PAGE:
In the letter, released Monday afternoon, the Virginia senator asks Homeland Security Secretary John Kelly and Office of Management and Budget Director Mick Mulvaney what steps they took to ensure that the patch Microsoft issued in March was promptly applied to computer networks of federal agencies and their contractors.
A DHS official told CyberScoop that some federal agencies were able to use new capabilities under the government-wide Continuous Diagnostic and Monitoring, or CDM, program to scan their systems and identify any potentially vulnerable machines on their networks.
The situation appears to be “a major, long-term economic problem when costly, critical systems with double-digit expected lifespans are supported by software only expected to be supported for four or five years,” Warner wrote.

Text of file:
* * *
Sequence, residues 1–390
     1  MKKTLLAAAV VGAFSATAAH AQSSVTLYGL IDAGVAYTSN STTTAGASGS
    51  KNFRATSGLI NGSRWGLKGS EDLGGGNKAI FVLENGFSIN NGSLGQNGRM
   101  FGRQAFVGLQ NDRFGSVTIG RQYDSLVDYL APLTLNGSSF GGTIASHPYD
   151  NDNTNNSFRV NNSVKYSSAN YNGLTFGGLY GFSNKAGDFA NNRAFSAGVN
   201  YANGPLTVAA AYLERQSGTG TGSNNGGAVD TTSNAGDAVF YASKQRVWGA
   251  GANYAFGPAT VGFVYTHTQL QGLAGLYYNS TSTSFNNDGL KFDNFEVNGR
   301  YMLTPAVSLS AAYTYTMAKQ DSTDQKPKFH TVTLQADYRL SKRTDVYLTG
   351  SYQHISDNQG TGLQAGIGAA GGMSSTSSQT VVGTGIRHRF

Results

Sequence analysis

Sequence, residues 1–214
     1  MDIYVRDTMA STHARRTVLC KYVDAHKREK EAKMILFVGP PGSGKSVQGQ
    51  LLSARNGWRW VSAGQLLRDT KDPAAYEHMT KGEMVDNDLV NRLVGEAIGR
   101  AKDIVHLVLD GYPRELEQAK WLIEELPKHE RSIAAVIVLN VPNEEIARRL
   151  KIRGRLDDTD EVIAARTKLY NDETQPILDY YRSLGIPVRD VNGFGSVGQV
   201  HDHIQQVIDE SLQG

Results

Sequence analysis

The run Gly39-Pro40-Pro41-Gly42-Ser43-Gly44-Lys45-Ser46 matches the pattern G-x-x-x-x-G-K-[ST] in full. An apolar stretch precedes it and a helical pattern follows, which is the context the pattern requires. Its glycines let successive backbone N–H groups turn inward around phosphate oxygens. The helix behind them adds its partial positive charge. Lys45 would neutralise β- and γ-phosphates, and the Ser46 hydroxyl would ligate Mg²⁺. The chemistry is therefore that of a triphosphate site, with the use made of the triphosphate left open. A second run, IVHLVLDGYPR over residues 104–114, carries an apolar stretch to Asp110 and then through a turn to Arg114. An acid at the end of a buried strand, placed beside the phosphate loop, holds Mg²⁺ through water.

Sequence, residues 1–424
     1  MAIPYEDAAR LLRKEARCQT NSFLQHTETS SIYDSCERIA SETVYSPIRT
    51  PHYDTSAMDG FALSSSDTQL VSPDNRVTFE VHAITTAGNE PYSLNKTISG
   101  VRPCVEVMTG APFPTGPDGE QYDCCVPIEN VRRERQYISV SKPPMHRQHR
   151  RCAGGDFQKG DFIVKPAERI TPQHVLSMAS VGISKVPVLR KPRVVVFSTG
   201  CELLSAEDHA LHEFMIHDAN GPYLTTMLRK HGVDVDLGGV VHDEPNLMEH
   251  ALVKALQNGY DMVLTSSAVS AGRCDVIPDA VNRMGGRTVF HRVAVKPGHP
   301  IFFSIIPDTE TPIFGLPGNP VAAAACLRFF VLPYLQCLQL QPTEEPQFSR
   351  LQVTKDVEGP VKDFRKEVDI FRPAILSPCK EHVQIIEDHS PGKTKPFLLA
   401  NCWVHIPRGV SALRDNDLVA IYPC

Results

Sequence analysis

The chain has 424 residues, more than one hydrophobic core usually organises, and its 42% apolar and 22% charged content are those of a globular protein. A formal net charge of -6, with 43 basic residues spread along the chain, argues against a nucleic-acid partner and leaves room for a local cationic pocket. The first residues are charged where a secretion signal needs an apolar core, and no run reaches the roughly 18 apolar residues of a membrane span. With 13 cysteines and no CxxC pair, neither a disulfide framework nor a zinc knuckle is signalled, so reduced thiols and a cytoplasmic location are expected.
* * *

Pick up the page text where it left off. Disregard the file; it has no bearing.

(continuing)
Democratic Sen. Mark Warner has written to federal officials asking for details about how agencies patched their systems to protect them against the fast-spreading WannaCry ransomware. White House homeland security adviser Thomas Bossert told reporters during the daily briefing Monday that no federal systems had been infected, but Warner noted in his letter that despite a National Institute of Standards and Technology recommendation that security-related software updates “be installed within a defined timeframe (in many cases seven to 30 days for critical patches),” the Government Accountability Office last year found “numerous instances where agencies failed to comply with those deadlines.”